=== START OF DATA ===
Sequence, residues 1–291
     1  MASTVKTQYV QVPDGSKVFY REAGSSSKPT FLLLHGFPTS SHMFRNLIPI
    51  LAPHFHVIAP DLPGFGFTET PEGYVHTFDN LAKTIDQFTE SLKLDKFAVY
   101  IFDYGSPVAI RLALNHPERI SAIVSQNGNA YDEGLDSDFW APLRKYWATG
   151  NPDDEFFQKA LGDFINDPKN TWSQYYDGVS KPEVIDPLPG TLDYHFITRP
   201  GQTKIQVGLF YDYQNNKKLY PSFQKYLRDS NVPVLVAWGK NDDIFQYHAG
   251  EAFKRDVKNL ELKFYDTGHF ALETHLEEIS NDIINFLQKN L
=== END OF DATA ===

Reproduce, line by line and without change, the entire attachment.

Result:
Sequence, residues 1–291
     1  MASTVKTQYV QVPDGSKVFY REAGSSSKPT FLLLHGFPTS SHMFRNLIPI
    51  LAPHFHVIAP DLPGFGFTET PEGYVHTFDN LAKTIDQFTE SLKLDKFAVY
   101  IFDYGSPVAI RLALNHPERI SAIVSQNGNA YDEGLDSDFW APLRKYWATG
   151  NPDDEFFQKA LGDFINDPKN TWSQYYDGVS KPEVIDPLPG TLDYHFITRP
   201  GQTKIQVGLF YDYQNNKKLY PSFQKYLRDS NVPVLVAWGK NDDIFQYHAG
   251  EAFKRDVKNL ELKFYDTGHF ALETHLEEIS NDIINFLQKN L